“We’re more like family,” Jay said.
As the farm and work family grew, the Hundleys were early adopters of precision agriculture tools that help them stay on cutting edge of efficiency.
Yield monitors started collecting data for the farm in 2006, which helped develop yield maps for fields.
“Once we got the data one of the local co-ops around here started doing zone sampling and we tried some and the year after we decided to go full force and did it our own selves,” Jay said.
With years of data compiled, the Hundleys had reliable zones in their fields that allowed for variable rate seeding and fertilizer application.
“I like to do the zones myself because nobody knows the fields like we do and we’re in them all the time,” Jay said.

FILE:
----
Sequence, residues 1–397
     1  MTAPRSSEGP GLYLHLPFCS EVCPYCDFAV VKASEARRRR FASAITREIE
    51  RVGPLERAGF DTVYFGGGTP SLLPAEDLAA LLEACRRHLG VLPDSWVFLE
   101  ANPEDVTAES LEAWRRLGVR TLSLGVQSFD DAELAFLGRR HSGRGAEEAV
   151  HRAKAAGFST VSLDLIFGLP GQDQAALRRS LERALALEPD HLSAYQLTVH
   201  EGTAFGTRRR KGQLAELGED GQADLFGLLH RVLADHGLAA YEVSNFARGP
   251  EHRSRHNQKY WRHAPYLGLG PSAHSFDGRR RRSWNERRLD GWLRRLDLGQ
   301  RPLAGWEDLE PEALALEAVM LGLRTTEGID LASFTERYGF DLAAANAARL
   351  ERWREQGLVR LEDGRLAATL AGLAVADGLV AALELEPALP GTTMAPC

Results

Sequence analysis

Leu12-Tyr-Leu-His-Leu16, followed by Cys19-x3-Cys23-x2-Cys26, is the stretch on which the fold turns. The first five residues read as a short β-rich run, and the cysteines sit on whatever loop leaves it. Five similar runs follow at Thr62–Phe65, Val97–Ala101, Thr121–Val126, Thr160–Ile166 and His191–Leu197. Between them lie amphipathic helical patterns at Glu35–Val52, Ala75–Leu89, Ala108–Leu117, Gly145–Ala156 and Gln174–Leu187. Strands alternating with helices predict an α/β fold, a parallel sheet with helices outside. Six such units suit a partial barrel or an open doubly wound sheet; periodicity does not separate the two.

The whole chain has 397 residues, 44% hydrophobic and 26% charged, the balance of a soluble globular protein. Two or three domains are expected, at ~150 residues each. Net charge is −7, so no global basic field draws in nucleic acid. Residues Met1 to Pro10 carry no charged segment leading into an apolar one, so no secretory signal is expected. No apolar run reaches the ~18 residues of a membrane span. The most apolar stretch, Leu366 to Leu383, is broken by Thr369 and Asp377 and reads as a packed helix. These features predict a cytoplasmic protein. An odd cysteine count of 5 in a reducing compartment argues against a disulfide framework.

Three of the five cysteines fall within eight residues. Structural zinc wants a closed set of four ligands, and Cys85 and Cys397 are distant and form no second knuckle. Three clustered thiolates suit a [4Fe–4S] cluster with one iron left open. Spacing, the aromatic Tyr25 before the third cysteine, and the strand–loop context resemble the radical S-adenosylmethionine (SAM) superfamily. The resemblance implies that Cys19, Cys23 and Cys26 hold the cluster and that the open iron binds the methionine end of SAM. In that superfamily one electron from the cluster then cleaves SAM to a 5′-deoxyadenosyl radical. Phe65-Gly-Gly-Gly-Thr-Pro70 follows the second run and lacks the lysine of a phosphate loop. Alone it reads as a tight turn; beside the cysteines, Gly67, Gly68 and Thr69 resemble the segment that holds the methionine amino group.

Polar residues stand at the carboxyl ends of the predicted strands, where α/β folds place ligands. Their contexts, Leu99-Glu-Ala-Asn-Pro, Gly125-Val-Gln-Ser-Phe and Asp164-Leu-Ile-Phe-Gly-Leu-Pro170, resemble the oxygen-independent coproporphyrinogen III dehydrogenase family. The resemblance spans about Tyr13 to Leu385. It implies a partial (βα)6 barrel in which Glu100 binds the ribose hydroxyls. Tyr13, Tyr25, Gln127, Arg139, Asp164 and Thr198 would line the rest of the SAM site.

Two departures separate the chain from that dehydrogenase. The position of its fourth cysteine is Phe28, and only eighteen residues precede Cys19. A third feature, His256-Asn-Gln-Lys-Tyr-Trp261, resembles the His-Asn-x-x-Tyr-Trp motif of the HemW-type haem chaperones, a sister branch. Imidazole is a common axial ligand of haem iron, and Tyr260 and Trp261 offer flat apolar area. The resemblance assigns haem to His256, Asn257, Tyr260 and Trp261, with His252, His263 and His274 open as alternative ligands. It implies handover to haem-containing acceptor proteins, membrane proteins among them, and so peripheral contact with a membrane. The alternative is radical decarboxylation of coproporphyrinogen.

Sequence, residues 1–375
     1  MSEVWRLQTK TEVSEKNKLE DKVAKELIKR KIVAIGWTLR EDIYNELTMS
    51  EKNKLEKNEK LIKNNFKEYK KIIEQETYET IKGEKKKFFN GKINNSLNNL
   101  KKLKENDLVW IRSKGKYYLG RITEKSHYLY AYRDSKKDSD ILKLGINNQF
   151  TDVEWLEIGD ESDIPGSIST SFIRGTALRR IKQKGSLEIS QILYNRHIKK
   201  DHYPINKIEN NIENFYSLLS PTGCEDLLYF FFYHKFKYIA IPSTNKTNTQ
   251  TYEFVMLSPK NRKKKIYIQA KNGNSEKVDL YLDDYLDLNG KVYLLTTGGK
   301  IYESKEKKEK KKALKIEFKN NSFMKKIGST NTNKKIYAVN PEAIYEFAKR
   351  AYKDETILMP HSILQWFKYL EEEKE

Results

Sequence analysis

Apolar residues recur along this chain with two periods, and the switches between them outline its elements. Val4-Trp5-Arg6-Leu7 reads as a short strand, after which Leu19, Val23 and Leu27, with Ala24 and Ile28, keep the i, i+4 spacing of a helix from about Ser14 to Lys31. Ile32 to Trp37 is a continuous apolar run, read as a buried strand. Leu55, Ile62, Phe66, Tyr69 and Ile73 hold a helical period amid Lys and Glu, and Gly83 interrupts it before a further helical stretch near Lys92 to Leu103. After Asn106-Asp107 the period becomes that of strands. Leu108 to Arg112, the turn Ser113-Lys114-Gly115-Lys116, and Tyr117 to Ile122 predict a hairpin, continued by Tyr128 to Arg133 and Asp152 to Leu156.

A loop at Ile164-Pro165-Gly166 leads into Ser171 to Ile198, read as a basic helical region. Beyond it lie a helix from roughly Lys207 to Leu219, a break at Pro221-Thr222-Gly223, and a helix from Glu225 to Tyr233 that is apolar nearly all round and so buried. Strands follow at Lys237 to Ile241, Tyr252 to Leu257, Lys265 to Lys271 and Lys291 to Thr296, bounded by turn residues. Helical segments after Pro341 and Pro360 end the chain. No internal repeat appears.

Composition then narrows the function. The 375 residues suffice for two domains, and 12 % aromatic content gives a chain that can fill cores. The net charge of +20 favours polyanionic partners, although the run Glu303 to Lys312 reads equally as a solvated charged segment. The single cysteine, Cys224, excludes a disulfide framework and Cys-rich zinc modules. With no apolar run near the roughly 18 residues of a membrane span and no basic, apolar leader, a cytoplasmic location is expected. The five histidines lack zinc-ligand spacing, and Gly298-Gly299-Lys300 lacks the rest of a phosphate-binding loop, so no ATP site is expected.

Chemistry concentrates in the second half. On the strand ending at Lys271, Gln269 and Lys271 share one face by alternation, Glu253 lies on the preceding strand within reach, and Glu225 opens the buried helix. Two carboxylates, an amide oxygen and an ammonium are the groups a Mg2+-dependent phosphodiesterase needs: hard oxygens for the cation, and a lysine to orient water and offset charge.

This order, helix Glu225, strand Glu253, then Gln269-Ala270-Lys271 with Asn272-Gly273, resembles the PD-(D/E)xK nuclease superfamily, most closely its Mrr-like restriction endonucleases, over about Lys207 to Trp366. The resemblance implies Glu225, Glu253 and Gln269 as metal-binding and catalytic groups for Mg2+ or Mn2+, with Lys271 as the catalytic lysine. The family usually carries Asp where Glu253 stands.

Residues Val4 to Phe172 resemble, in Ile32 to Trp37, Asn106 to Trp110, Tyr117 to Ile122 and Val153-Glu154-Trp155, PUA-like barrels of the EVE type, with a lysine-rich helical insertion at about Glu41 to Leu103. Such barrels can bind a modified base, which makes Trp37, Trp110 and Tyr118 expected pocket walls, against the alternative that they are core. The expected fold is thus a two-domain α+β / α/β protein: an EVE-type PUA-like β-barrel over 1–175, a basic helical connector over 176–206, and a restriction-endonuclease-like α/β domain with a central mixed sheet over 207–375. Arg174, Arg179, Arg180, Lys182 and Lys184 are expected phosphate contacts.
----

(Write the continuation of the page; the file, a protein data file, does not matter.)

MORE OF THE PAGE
Fields are zone sampled at least every other year to make mapping adjustments, Jay added.
“A zone can move,” he said. “We’ll try to keep it that way for a while and then some zones look like they may need to come together or you may need to split it back out or something else shows up and you end up moving them around. But you have to give it a little bit of time.”
The Hundleys’ seed costs have come down since implementing variable rate planting technology with less seed planted in poorer producing areas in the fields.
Corn population rates can vary from 18,000 to 34,000 seeds per acre in the same field, and even in the same pass across the field.
“You always seeded to better ground because you didn’t want to shortchange yourself,” Jay said. “With corn we actually cut back on our usage.”